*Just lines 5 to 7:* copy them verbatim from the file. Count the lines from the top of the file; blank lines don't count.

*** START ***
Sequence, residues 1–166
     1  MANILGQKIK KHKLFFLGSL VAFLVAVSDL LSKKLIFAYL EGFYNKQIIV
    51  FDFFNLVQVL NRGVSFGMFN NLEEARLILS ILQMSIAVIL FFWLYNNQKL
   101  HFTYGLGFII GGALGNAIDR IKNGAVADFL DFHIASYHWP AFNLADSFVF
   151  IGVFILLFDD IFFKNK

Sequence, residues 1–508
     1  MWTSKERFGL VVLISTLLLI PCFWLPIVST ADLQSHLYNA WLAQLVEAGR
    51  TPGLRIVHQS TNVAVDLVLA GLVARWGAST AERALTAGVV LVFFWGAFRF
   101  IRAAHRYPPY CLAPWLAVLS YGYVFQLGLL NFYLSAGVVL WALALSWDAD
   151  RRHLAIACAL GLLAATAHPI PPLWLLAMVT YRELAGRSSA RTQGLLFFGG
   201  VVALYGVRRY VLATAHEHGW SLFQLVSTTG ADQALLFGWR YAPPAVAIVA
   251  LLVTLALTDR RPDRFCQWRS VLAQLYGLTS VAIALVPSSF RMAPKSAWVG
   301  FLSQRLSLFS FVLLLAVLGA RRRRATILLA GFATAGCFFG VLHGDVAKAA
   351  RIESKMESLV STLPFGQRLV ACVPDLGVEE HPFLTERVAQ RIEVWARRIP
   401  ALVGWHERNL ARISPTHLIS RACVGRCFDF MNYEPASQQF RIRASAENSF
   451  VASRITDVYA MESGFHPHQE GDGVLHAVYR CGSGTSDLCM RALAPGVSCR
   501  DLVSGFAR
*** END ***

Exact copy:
   151  IGVFILLFDD IFFKNK

Sequence, residues 1–508
     1  MWTSKERFGL VVLISTLLLI PCFWLPIVST ADLQSHLYNA WLAQLVEAGR